Iran leaves door ajar for more peace negotiations with Iraq

Although Iran has rejected the peace formula proposed March 4 by the Islamic delegation to end the war with Iraq, diplomatic sources say the rejection is not total -- and that the peace effort will continue.

Iran's official reply to the proposals still had not been handed to the Islamic Conference Organization (ICO) as of March 9. But from the public statements made by Iranian President Abolhassan Bani-Sadr and Ayatollah Ali Khamenei it was clear that Iran has rejected only specific parts of the peace plan.

"At least the ice is broken," one diplomat said. "It will probably take a few more shuttles by the delegation before an agreement is reached."

Ayatollah Khamenei, who is official spokesman of Iran's High Defense Council, told a television interviewer March 7 that he expected the shuttle to continue. "As Habib Chatti has said when the delegation was last here, it will continue its journeys between Iran and Iraq until it has achieved results."

Khamenei and President Bani-Sadr have spelled out three principles under which Iran will accept a cessation of hostilities:

* The cease-fire and Iraqi troop withdrawal must be simultaneous.

* A commission must be set up to identify and punish the aggressor.

* The agreement must be within the framework of the 1975 Algiers Accord between the two countries.

Analyzing the three principles, a diplomatic source said none of them was in contradiction to anything the Islamic mission has proposed. In the peace plan presented March 4, the mission had called for a cease-fire to start at midnight between March 12 and 13, while troop withdrawals would begin after one week and would be completed within four weeks.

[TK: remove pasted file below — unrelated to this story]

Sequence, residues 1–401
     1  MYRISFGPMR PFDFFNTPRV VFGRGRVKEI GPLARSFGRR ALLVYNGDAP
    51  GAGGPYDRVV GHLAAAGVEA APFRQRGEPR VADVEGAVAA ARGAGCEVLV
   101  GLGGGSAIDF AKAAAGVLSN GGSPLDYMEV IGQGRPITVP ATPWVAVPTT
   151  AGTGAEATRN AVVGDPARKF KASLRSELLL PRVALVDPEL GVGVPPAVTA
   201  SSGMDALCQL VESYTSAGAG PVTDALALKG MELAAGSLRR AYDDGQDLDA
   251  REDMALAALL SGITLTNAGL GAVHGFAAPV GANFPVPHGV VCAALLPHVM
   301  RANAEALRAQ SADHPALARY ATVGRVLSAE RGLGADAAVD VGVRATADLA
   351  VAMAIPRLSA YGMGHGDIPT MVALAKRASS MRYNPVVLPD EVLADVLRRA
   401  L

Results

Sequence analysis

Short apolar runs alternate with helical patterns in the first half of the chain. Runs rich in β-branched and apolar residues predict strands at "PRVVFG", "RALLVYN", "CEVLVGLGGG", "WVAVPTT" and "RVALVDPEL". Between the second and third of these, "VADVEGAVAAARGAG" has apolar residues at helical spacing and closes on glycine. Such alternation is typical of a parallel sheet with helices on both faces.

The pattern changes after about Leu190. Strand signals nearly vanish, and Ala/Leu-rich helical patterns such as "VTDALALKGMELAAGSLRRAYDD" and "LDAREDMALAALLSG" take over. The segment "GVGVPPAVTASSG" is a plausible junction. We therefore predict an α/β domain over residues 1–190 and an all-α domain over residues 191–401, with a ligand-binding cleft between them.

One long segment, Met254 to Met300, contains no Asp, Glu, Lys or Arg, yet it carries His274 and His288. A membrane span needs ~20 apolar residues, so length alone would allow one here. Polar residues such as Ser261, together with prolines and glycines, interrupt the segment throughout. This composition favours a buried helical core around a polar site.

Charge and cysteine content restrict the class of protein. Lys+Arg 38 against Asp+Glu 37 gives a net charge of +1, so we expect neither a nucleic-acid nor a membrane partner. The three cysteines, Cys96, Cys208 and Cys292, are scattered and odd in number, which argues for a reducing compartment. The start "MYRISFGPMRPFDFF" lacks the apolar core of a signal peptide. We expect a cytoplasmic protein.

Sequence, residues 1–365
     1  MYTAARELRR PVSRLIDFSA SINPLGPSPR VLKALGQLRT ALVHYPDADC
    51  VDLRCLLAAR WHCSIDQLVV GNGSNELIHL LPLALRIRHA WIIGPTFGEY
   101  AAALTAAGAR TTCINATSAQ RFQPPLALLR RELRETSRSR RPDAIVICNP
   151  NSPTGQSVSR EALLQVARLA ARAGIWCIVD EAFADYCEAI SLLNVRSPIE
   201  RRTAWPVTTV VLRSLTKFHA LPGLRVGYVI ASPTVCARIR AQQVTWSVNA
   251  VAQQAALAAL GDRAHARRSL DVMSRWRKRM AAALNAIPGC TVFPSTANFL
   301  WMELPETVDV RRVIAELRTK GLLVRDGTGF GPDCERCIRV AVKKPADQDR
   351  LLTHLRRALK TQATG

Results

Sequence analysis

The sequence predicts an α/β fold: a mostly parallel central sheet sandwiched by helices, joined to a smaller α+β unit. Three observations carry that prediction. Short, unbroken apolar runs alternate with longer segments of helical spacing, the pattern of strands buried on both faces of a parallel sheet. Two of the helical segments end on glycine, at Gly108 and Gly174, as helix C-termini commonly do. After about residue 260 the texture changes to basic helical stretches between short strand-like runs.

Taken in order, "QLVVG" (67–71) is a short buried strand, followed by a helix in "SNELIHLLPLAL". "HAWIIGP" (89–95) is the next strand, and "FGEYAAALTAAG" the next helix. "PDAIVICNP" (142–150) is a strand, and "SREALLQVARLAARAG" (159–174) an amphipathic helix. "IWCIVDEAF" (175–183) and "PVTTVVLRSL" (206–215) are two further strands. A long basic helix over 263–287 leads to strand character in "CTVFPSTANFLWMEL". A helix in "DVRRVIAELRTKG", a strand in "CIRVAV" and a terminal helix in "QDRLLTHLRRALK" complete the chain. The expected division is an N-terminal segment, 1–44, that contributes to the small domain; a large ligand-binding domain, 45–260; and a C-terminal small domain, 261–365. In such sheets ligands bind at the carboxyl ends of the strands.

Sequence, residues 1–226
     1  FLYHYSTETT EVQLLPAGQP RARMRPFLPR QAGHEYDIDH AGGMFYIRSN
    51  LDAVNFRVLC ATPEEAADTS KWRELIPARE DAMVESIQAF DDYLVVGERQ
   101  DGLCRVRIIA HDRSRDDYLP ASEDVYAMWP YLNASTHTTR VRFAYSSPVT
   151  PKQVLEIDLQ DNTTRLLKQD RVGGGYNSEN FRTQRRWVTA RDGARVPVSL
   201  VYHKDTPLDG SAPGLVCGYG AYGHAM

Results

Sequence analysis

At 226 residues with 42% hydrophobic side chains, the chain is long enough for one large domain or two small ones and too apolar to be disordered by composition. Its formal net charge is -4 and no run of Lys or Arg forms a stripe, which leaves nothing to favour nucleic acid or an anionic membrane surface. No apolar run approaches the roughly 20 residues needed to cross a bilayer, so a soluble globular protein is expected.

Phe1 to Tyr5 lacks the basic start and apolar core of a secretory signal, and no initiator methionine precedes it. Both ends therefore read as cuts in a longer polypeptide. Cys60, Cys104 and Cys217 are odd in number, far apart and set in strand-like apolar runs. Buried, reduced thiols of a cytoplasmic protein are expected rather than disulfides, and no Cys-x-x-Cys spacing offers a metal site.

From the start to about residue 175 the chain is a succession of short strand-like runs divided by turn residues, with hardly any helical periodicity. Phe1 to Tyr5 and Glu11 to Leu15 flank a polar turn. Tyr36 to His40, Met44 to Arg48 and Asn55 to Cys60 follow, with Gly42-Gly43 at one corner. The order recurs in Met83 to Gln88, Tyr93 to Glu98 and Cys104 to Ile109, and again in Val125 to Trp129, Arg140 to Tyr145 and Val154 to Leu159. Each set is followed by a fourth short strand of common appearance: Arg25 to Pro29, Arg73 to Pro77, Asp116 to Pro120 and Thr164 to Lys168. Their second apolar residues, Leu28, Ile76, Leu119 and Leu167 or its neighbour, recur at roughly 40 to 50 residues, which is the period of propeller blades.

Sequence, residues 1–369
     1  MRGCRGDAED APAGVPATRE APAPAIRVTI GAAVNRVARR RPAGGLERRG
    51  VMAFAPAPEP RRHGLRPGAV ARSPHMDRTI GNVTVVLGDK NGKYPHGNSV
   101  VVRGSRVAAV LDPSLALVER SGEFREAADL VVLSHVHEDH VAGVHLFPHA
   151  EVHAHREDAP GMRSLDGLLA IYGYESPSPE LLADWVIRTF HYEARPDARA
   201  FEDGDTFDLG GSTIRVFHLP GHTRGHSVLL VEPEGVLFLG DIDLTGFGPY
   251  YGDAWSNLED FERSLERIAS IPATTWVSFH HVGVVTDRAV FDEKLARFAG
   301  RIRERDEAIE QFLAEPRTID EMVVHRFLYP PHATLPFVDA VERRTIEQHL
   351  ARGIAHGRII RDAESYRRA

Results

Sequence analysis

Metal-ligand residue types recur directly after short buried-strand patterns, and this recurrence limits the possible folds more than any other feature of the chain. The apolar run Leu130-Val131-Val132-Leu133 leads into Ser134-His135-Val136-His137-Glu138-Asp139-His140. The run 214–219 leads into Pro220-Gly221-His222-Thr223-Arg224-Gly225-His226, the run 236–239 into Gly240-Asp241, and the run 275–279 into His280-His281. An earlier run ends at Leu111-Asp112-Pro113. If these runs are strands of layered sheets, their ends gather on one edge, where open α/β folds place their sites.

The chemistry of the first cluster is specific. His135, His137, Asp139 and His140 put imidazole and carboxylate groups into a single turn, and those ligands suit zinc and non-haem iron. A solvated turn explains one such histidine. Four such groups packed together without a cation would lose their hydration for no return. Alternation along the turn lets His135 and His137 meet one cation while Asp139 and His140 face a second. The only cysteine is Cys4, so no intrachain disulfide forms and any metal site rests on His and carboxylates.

"If the withdrawals take place while the cease-fire is in effect, that means the two are simultaneous," the source said.

There was no mention in the proposal that the cease-fire would be temporary, but if the Iraqi troops were to end their withdrawal within four weeks that would show that they did not intend to stay in Iran indefinitely while negotiations about the disputed territory continued.

The delegation also proposed the setting up a commission of military observers to supervise the cease-fire and Iraqi troop withdrawals. "The same commission, being made up of military men, could investigate who started the war ," the diplomat said.

Whether it would be empowered to suggest a punishment for the aggressor is not clear, but the peace proposals still could be changed to suit the demands of both sides.

For the agreement to be "within the framework of the 1975 Algiers Accord" also apparently presents no major obstacle to peace. Though the 1975 accord divides the Shatt al Arab waterway equally between Iraq and Iran, there is a clause in the accord itself which says that any further dispute on articles of the accord should be settled through negotiations.

Another diplomatic source suggested that the final proposal by the Islamic delegation would fit in with the Iranian demands.

The Islamic Conference Organization will decide what its next step will be after it has received the official response of both sides in its secretariat in Jiddah, Saudi Arabia.

"It may decide to send Mr. Chatti on a shuttle or the delegation itself may assemble once again," and resume its journeys between the two countries, the diplomat pointed out.

One reason for the speed with which the delegation acted was that it was made up of such high-level members (including five heads of state and government) that they could not afford to spend too much time on the shuttle. In five days of shuttling, they spent a total of nine hours talking to the Iranians.

Actually, the March 4 trip when the proposals were handed to both countries almost did not occur. When the team assembled in Jiddah the day before, there was a proposal to send the peace formula to Tehran and Baghdad through a representative of the delegation.

However, Bangladesh President Ziaur Rahman, who is the ICO vice-president, argued that at least one more trip by the whole delegation was necessary.

He won out, and "it was during this [second] trip that th e ice was broken," the source said.

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